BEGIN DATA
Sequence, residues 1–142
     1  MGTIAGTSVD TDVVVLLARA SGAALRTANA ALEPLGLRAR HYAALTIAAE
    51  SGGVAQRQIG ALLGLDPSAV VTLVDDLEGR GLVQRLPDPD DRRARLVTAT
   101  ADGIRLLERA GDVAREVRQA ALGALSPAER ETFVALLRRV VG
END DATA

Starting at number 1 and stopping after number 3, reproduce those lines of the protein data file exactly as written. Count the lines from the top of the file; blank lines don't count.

Sequence, residues 1–142
     1  MGTIAGTSVD TDVVVLLARA SGAALRTANA ALEPLGLRAR HYAALTIAAE
    51  SGGVAQRQIG ALLGLDPSAV VTLVDDLEGR GLVQRLPDPD DRRARLVTAT